Performance reviews are the fruitcake of management. Nobody really wants to give them because everybody knows that nobody wants to get them. The worst of it is that someday the receiver will probably give that same fruitcake to someone else.
Performance reviews don’t have to be like that, though. Smart people try to get more out of the review process, and new and better approaches are out there. So, toss that fruitcake into the trash and try a new recipe. Here’s how.
Set the tone. IT managers at the University of Miami don’t do job reviews; they conduct performance appraisals. “This sets expectations” that the process will look forward, not backward, said Stewart Seruya, the university’s assistant vice-president and chief security officer for IT.
That subtle change in focus can help transform the dreaded review into a look at the future and the employee’s role in it. “If people are focused on what we really want to accomplish as a department, we get people committed to the goals,” said Laura DeLain, deputy resource director in the IT department at Northwestern Mutual Life Insurance Co. in Milwaukee. “They think about what’s important and how they can make a contribution.”
Think strategically. Use the performance appraisal to compare employee qualifications against key skills needed in the company, analyst Samuel Bright advised in a recent Forrester Research Inc. report on hot IT skills. This approach enables managers to focus training, set development goals and reward employees who acquire hot skills, Bright says.
Time it right — for you. IT managers do appraisals at various times — the end of the calendar year, the anniversary of workers’ start dates or a time that coincides with key decisions, such as setting pay increases. What matters most isn’t when you do the appraisal but that you have a good reason for doing it when you do.
At insurer Aetna Inc. in Hartford, Conn., for example, corporate executives set companywide goals as they approach the end of the calendar year, said Ruth Stern, head of Aetna Information Services (AIS) delivery operations. Those goals cascade down into expectations for the AIS group and then into team and individual balanced scorecards. Because these scorecards relate to one another, the appraisals on which they are based are done on a specific schedule, Stern said.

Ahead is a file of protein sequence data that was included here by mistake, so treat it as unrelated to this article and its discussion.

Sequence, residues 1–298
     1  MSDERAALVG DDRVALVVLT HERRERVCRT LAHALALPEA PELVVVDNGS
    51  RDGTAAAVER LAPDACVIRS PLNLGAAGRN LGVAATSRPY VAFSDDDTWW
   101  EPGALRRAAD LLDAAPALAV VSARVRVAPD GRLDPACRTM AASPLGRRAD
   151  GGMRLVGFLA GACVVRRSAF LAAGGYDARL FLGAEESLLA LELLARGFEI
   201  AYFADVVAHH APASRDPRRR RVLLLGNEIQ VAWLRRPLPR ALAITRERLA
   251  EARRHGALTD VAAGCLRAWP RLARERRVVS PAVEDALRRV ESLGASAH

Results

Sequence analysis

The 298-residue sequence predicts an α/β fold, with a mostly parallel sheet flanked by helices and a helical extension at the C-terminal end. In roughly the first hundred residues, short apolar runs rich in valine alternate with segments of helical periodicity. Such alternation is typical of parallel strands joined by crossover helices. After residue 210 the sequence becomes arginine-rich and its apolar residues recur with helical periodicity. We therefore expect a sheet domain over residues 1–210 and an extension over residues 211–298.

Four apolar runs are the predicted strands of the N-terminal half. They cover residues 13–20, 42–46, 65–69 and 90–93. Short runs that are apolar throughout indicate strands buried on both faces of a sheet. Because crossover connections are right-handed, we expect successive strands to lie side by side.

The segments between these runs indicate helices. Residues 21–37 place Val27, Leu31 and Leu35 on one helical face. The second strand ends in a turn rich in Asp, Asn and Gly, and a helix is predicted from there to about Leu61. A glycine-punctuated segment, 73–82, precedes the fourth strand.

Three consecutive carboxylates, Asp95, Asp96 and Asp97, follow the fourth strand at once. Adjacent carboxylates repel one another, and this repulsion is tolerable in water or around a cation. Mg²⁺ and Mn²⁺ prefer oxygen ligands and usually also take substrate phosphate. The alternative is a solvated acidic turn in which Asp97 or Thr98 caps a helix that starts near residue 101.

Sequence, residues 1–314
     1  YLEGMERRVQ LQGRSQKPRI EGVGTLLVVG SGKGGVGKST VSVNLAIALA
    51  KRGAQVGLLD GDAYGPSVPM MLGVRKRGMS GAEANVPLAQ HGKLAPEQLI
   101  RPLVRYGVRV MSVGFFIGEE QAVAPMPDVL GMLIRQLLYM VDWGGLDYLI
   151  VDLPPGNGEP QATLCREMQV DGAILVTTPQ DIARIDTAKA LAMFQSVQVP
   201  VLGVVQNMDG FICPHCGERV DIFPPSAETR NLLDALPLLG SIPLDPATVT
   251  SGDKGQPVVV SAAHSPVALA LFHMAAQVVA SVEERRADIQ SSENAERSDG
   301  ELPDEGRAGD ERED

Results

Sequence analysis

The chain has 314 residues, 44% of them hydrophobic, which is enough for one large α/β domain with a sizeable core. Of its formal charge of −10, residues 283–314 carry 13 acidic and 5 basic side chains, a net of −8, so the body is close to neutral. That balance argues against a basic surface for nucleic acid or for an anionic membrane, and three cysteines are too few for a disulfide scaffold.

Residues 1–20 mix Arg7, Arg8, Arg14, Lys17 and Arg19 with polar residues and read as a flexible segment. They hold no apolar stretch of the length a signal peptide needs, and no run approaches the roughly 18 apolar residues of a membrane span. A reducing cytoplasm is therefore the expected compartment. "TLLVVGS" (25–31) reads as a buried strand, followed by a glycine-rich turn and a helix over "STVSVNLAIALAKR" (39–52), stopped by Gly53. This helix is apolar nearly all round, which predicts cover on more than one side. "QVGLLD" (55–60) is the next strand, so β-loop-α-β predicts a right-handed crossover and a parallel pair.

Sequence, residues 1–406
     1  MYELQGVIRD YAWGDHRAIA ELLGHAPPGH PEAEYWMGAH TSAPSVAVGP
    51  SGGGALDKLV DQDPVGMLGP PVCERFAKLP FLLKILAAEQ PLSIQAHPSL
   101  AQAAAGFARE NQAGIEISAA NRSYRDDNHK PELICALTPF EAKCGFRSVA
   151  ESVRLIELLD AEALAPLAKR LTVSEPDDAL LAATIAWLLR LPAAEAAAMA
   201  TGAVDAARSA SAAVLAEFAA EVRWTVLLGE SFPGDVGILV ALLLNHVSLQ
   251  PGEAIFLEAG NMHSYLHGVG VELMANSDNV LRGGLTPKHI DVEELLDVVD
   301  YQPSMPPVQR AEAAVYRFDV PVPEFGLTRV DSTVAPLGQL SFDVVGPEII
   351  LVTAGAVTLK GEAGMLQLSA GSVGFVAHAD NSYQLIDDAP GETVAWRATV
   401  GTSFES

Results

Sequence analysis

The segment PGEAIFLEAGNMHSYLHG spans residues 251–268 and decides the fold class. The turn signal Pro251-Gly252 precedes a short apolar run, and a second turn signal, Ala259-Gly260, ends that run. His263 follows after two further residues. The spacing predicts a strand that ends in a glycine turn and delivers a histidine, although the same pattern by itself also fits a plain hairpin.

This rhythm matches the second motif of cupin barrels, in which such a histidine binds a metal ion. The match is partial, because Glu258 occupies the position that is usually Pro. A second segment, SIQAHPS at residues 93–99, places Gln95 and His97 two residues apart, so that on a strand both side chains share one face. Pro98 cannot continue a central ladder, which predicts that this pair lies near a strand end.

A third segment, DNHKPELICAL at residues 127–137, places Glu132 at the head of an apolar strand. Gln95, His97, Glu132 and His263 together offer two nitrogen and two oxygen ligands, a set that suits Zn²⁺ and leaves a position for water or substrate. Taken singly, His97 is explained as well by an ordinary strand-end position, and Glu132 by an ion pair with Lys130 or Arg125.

Don’t review; manage. Job reviews happen once a year, but career management is ongoing. Schedule regular follow-up meetings at set intervals to ensure staff are on track and hitting targets.
At Reston, Va.-based SLM Corp., commonly known as Sallie Mae, IT workers have yearly reviews with at least one midyear follow-up “to make sure there are no surprises and so we can modify goals,” said Karen Kotowski, senior vice-president of applications development. “It all falls under the framework for managing talent.”
Get a broad view. There are various sources of input for performance appraisals, so don’t pick just one. “I don’t believe there is a ‘best’ [type of] review for IT professionals. All types are valuable in their own right,” said Cindy Reynolds, vice-president of IT operations at Discover Financial Services LLC in Riverwoods, Ill. She favours self-evaluations as they let the employee and the manager see where their perceptions differ. She also finds 360-degree and peer evaluations useful if they are done anonymously and point out both strengths and areas for improvement. But be careful, Reynolds warns. “I have observed some that simply provide a forum for criticism, which can be destructive and demotivating.”
Talk about tomorrow. Use appraisals to nurture employee aspirations. At Mount Carmel Health System, employees list work-related goals and professional development aspirations as part of their annual appraisals, said John Lawson, vice-president of information resources operations at the Columbus, Ohio-based organization, which is under the umbrella of Trinity Health Systems.
A programmer who wants to move into project management, for example, should use his review to articulate that goal, which might otherwise go unnoticed in the day-to-day grind, Lawson said.